88.  It is not the writers brief to examine the political history of the crisis, but an efficient examination of the legal issues must involve some reference to the documents often described as the Rambouillet Accords. The "Rambouillet Accords" form part of the picture because, especially in the statements of British Ministers, a major justification for the threat of force (in the first instance) and the aerial bombardment (subsequently, to fulfil the threats of force) was to induce Yugoslavia to accept the "demands" of the Contact Group: see above, para 10.

  89.  The reference by the Government to the "Rambouillet Accords" is in a significant sense anomalous. Two facts stand out from what was a complex picture. First the NATO bombing apparatus was placed in a state of readiness, announced as such, on 12 October 1998. Thus there was a direct link between the threat of air strikes and the demands made upon Yugoslavia. Mr Cook's statements on 19 October made this clear. In his words:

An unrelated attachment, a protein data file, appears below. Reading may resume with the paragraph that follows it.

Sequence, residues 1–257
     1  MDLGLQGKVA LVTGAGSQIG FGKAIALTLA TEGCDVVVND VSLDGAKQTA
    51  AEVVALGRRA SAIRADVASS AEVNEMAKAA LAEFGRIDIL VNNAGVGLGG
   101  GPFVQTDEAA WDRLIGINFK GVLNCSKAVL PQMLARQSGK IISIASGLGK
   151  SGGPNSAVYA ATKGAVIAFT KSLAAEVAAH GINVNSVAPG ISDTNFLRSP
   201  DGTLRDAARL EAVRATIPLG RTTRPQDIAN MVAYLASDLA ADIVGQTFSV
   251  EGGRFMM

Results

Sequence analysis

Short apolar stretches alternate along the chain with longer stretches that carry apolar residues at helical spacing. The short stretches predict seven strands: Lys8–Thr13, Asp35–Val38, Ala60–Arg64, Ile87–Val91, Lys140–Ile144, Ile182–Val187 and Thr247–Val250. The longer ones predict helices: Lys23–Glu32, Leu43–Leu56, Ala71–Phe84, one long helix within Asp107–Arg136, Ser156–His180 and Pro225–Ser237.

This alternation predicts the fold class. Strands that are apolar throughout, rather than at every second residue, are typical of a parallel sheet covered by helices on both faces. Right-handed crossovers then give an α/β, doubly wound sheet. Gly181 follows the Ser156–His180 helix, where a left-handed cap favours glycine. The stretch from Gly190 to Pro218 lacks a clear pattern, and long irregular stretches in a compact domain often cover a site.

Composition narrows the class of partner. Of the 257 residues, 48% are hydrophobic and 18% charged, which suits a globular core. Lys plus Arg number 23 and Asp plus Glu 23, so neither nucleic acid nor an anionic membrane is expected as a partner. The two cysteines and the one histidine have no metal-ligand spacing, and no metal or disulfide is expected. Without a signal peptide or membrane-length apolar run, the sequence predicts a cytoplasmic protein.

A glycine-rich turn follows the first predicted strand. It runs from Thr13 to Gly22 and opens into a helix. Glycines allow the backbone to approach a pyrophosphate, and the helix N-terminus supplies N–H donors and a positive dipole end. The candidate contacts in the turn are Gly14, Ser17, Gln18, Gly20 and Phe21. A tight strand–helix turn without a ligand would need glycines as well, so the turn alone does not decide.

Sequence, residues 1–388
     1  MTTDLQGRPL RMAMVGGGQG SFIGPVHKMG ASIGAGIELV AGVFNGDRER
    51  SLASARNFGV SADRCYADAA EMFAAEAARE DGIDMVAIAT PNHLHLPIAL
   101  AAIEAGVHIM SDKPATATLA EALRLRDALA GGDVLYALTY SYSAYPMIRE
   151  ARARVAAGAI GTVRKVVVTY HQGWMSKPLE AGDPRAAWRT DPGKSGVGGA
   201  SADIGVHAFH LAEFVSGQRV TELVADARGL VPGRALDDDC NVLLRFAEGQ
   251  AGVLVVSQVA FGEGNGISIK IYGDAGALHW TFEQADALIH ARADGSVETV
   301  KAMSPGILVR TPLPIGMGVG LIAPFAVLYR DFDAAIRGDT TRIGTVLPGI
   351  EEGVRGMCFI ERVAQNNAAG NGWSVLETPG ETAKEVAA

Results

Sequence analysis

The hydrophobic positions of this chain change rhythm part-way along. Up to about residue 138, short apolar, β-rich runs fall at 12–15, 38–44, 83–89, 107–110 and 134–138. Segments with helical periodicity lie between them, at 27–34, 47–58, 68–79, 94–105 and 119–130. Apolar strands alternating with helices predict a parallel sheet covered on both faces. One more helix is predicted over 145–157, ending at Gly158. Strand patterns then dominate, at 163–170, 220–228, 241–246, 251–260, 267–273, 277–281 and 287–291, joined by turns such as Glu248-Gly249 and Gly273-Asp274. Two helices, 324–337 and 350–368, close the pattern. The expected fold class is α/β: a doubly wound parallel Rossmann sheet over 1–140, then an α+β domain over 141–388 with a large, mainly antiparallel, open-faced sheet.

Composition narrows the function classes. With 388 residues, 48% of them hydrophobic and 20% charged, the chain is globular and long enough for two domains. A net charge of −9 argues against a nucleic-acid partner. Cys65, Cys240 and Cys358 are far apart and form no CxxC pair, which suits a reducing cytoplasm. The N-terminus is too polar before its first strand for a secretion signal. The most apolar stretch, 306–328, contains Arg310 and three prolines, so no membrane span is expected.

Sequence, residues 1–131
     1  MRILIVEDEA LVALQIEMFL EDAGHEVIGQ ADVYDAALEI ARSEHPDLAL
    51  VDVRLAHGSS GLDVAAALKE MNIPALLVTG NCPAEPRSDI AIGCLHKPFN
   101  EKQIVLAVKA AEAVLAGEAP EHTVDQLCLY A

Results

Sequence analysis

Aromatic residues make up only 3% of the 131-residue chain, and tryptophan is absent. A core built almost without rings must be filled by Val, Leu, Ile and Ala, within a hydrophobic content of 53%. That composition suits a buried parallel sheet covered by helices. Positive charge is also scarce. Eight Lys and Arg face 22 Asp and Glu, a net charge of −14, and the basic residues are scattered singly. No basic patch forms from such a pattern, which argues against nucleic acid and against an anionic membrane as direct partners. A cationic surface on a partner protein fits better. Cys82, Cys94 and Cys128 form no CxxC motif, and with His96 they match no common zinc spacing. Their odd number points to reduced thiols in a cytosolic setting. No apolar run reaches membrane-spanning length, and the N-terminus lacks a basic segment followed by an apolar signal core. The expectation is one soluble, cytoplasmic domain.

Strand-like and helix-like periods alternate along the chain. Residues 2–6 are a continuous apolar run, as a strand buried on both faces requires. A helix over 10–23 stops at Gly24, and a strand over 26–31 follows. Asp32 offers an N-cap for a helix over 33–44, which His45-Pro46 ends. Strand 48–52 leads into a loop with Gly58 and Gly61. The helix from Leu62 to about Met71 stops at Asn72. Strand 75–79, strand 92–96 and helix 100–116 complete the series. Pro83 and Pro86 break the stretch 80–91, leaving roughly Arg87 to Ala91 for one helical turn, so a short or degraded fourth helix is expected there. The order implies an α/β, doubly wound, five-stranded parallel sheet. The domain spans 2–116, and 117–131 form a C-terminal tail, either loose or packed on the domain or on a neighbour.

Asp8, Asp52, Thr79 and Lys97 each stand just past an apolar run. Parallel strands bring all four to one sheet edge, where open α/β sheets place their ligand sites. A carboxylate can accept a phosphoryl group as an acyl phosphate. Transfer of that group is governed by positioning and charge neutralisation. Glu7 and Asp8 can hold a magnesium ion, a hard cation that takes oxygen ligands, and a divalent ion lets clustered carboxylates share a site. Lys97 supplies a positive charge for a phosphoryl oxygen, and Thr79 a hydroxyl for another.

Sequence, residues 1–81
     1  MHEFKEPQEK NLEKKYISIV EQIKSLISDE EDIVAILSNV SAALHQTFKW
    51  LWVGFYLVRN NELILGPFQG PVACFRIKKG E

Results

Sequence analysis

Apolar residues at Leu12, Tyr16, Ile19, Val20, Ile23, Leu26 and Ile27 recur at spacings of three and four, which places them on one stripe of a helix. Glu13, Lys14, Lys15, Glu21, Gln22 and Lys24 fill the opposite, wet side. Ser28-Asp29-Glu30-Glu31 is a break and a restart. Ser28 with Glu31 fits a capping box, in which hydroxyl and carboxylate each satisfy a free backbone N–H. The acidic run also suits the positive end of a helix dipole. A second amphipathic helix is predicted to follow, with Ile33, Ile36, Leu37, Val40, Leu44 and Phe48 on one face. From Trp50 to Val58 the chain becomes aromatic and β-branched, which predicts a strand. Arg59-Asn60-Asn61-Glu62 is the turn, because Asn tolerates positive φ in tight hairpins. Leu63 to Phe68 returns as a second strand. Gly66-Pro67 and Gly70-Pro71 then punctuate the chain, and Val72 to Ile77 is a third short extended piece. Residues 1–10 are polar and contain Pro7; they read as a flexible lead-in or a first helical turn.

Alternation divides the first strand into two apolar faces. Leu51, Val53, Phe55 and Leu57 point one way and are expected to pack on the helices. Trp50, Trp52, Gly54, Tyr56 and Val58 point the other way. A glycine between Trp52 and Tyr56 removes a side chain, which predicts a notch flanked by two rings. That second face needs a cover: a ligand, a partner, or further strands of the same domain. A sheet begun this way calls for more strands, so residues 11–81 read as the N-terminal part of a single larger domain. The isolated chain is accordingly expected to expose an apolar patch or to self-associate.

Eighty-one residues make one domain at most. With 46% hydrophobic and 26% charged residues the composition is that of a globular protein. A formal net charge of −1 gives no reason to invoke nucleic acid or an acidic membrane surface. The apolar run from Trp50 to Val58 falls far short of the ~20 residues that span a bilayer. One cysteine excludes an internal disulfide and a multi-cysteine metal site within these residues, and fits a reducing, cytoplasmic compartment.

"By late July, the Yugoslav army and the Ministry of Interior police had commenced a widespread campaign of repression throughout Kosovo. During that campaign, they made no distinction between armed guerillas and unarmed civilians. Whole villages were shelled, crops were burnt in the field and farm animals were incinerated in their barns. A quarter of a million people—a tenth of the entire population-have become refugees.

    In September, Britain and France presented to the Security Council resolution 1199, which demanded that President Milosevic cease fire; withdraw his security forces; allow refugees to return to their villages, and make a rapid start in real negotiations on self-government for Kosovo.

    Two weeks ago, Britain chaired a meeting of the contact group at Heathrow. That meeting sent Dick Holbrooke back to Belgrade with a mandate from all members of the contact group, including Russia, to secure an agreement that complied with the demands of the Security Council resolution.

    Last Monday, NATO unanimously took the decision to authorise air strikes on Serbian military targets. The next day, President Milosevic gave his agreement to Dick Holbrooke on a settlement that commits Yugoslavia to full compliance with resolution 1199.